At the same time, it is not clear why UNHCR is willing to let a host government, no matter how hostile, to compromise the fairness of its RSD procedures. If a government told UNHCR not to apply its Guidelines on Gender-Based Persecution, would UNHCR go along? If a government told UNHCR not to use interpreters in RSD, would UNHCR go along?
Somewhere there should a line that UNHCR will not cross in compromising fairness. The same month that HRW published its report about Thailand, an American appeals court issued a judgment finding that any violation of the right to counsel in a deportation proceeding per se invalidates the deportation order. But obviously UNHCR does not draw the line at the right to counsel.
A decade later …
The violation of the right to counsel is just part of many worrying signs about RSD in Thailand. HRW reports on many of these. UNHCR-Bangkok has a poor record generally on communicating with refugees and asylum-seekers about their cases. And it does not explain its decision-making:
UNHCR’s Procedural Standards further instruct its offices that applicants whose claims are rejected should, wherever possible, be informed in writing of the reasons for the rejections, and specify that “notifications should permit rejected Applicants to make an informed decision about whether an appeal is appropriate and to focus appeal submissions on relevant facts and issues.” Yet, [Michael] Timmins [of Asylum Access], who represents such applicants, said, “There is no available record of the interview questions, rejected applicants receive limited reasons for rejection making it difficult to appeal, and UNHCR will often not disclose to a rejected claimant the evidence used to reject.”
This year is the 10 year anniversary of UNHCR’s Procedural Standards, the agency’s first comprehensive statement of policy about about how it conduces RSD. The recognition of the right to counsel was one of the most important advances in the new policy.
The Standards were issued first internally only, but were released to the public in September 2005. In an internal memo, the Department of International Protection warned field offices “that interested counterparts will start measuring the level of compliance of UNHCR with its own standards.”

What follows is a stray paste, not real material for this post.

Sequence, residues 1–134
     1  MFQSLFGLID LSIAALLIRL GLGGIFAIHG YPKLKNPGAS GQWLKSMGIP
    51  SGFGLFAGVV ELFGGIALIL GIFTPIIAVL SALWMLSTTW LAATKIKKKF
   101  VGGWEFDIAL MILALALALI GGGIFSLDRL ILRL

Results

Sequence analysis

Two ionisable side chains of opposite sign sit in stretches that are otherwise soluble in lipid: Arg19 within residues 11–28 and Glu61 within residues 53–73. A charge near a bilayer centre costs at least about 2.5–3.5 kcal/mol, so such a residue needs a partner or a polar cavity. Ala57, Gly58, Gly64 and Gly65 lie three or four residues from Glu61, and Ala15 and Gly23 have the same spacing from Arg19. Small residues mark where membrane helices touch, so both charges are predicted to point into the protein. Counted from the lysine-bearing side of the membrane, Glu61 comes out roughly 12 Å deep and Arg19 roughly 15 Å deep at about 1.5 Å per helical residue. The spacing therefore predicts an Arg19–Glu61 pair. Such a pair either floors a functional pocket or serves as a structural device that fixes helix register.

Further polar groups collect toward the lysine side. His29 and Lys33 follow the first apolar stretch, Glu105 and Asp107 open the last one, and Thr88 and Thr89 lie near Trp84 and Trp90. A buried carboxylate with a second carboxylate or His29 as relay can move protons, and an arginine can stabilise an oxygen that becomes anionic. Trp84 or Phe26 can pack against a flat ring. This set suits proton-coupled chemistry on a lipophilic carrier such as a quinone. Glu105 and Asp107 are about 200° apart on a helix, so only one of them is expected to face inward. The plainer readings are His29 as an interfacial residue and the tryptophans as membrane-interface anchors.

That memo was sent in June 2005, and UNHCR-Bangkok is still not in compliance.
Thanks to reader Rickard Olseke, who sent a pointed response to my post arguing that UNHCR should not be criticized for taking a long time to decide RSD cases. He says:
Indeed, refugee status determination should not be rushed; fairness and reliability must never be compromised. But a waiting time of 315 days for a first instance decision? That is surely not a sign of a well functioning procedure. According to UNHCR’s own procedural standards, a decision should normally be issued “within one month following the RSD interview” or, in cases raising “complex issues”, within two months.
He is absolutely right about UNHCR’s Procedural Standards (see Rule 4.5). This is quite unfortunate, because we want UNHCR to actually implement its standards. In this case UNHCR has effectively given itself an unfunded mandate, one which I doubt many field offices have ever complied with consistently. That undermines the entire idea of having standards. And there is a real danger of UNHCR managers adopting a factory mentality, whereby the the effectiveness of refugee status determination is measured by the quantity of cases processed.
My suggestion is to amend Rule 4.5. Definitely do not expect a decision in a month. I would set a very modest outer limit, if any. And I would urge refugee rights advocates to not pressure UNHCR about going faster, except in particularly compelling circumstances. If we want to set a deadline – and there probably is good reason to set an outer limit – I would first think about establishing a rule firmly regulating the number of cases eligibility officers can be asked to process in a given period of time. Once that is established, the timeline can be set depending on the number of staff and number of applicants in a particular office.
To be clear, when something is a matter of right — the right to counsel, reasoned decisions, disclosure of evidence, etc. — then it doesn’t matter if field offices resist. Due process must be imposed. But timelines are something different, because there is nothing sacred in law about a 30 day or 60 day timeline. It is definitely better if the process moves faster. But not at the cost of fairness.
A group of activists led by the Fahamu Refugee Rights Program has been trying for months to rally internet opposition to UNHCR’s 2011 decision to support the cessation of refugee protection for around 100,000 Rwandan refugees who fled before, during and immediately after the 1994 genocide.